Recently, a tragic story emerged about a young teen from Staten Island, Danny Fitzpatrick, who was bullied and hounded by his classmates to the point where he felt he had no option but to commit suicide.* He left a letter you can read here. Unfortunately, this happens too much. Unfortunately too many adults pass judgement on these young suicides. That’s because we live in a hyper-masculine society. Many of us will call 13-year-old Danny a weakling. That says more about us than it does about him.
Here’s something I once wrote as a response to bullying.
We live in an atmosphere of shame. We are ashamed of everything that is real about us; ashamed of ourselves, of our relatives, of our incomes, of our accents, of our opinion, of our experience, just as we are ashamed of our naked skins.
— George Bernard Shaw
The whole fifth grade class was laughing at him… including me.
His father stumbled into the middle of a spelling test arguing loudly with our teacher. His clothes were ragged and he was unkempt. He was there to make a case for his son, Kevin, who sat next to me. Kevin and I were the smartest kids in the class. Kevin was painfully shy and no one really liked him to begin with, so now everybody, including me, was laughing at him because his father was obviously a dope fiend and he showed up in the middle of a spelling test totally out of his mind. He was nodding out even as he argued his son’s case.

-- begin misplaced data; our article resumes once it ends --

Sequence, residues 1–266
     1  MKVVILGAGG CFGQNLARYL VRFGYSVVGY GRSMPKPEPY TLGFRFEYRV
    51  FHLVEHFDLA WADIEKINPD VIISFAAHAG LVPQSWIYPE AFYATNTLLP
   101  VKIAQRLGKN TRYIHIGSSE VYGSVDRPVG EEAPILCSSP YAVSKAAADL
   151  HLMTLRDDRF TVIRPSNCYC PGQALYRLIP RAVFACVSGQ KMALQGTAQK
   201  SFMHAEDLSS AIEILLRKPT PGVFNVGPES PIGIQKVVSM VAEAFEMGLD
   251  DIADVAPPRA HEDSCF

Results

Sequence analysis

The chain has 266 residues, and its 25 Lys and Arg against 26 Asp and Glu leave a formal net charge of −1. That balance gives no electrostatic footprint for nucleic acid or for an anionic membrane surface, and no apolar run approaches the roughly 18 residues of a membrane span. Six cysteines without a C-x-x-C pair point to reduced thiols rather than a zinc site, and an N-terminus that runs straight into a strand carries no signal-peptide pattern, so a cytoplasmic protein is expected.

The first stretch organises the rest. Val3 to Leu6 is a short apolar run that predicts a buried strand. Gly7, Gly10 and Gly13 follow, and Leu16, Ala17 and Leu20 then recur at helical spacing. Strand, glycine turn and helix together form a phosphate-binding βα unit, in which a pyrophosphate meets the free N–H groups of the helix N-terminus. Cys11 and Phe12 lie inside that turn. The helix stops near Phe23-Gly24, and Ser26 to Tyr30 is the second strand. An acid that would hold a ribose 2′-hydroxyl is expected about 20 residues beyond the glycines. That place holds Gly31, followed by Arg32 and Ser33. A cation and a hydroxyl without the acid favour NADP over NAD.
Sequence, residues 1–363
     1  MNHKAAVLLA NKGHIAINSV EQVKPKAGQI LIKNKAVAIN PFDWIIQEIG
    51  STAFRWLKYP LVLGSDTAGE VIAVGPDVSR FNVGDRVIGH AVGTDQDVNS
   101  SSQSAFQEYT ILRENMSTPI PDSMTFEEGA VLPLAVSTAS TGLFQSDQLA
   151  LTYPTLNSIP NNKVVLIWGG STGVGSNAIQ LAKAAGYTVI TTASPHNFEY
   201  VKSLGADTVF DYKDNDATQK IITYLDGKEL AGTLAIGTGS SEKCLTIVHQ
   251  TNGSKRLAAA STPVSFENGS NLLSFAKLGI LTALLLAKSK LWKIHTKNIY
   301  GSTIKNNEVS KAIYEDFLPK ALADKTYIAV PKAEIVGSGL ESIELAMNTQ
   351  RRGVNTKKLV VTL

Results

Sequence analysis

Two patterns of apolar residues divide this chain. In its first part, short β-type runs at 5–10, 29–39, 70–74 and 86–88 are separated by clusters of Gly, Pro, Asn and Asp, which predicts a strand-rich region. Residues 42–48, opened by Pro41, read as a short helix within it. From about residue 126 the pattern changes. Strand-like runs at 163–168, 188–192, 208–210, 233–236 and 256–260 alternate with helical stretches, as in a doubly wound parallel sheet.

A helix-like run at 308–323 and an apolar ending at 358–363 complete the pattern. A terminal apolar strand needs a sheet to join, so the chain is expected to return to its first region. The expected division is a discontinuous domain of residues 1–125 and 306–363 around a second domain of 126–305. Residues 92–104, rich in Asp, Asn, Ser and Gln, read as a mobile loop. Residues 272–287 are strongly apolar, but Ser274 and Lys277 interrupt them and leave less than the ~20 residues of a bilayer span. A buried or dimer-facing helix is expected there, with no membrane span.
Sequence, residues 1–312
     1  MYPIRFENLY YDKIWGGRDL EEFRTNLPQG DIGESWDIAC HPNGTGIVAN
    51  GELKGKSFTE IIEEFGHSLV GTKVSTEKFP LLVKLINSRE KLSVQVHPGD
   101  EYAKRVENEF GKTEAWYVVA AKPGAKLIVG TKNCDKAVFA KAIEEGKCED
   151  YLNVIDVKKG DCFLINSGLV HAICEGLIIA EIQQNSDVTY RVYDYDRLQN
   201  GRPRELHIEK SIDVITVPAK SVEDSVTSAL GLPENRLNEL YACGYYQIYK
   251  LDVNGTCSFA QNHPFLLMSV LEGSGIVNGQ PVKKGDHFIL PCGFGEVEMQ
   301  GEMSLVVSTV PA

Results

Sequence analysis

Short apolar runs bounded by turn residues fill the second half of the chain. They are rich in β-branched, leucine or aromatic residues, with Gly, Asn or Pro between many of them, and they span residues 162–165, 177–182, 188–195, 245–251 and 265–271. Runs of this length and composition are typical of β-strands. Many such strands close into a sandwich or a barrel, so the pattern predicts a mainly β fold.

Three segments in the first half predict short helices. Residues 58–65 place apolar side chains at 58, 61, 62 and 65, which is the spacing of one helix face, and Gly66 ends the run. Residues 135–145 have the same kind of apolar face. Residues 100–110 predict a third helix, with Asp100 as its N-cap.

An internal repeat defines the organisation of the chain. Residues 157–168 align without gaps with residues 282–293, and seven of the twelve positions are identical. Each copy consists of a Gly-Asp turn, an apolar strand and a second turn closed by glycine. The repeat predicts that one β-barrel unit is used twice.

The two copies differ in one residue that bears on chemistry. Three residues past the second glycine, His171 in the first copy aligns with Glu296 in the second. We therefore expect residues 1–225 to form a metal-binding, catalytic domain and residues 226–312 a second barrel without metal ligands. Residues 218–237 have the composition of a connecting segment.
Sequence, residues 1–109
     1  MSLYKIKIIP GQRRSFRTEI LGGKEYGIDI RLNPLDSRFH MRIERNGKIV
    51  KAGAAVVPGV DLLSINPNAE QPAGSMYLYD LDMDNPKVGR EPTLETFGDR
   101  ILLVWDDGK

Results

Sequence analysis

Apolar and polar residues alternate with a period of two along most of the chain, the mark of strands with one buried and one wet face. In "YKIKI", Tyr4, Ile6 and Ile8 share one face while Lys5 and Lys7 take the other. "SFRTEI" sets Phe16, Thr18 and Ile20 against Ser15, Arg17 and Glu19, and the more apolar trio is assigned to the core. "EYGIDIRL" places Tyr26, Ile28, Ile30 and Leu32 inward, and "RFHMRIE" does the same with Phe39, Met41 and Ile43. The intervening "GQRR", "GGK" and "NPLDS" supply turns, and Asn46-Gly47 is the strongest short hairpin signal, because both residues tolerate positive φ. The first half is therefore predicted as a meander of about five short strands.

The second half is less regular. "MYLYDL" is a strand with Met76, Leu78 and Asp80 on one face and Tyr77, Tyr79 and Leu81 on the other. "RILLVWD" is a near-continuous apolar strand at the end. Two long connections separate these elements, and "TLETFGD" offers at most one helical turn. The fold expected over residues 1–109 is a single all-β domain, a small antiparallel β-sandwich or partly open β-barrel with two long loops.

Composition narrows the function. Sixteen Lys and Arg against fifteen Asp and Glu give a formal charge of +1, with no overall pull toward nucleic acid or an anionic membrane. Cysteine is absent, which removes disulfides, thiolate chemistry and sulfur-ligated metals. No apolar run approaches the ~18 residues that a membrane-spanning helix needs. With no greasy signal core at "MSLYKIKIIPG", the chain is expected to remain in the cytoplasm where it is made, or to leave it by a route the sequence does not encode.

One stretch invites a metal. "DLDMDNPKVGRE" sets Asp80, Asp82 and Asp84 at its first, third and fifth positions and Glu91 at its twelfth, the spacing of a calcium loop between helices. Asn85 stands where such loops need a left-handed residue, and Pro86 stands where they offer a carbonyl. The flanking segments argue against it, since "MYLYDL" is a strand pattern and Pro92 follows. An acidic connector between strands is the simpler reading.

I don’t remember all the details, but I remember the shame. I can still remember vividly the shame on Kevin’s face, the humiliation in the knowledge that now everyone knew his deadly secret — that his father was a “junkie.” I remember this because I remember my own shame too, and because I felt like a hypocrite.
It’s so easy to join the mob, so easy to feel a part of the crowd at the expense of someone else. The mob mentality has no mercy. Just look at most of today’s headlines and you’ll bear witness to what the mob mentality, or the very human tendency to create scapegoats, can create.
The fact was that I knew too well that shame. My own father was a drug addict, and I remember when all my friends encircled me one day while chanting, “Your father’s a junkie, your father’s a junkie.” And I remember how I felt so ashamed, so humiliated, and so angry. I couldn’t resolve the anger and shame I felt about my father because I loved him so much and all those feelings were too overwhelming — I didn’t know how to process all that. I just stood there in the middle of that circle tears of anger flowing until I lashed out at the first one to get close enough to me and I punched him in the nose. And that’s when the mob turned on me and I went home with a split lip and torn clothes.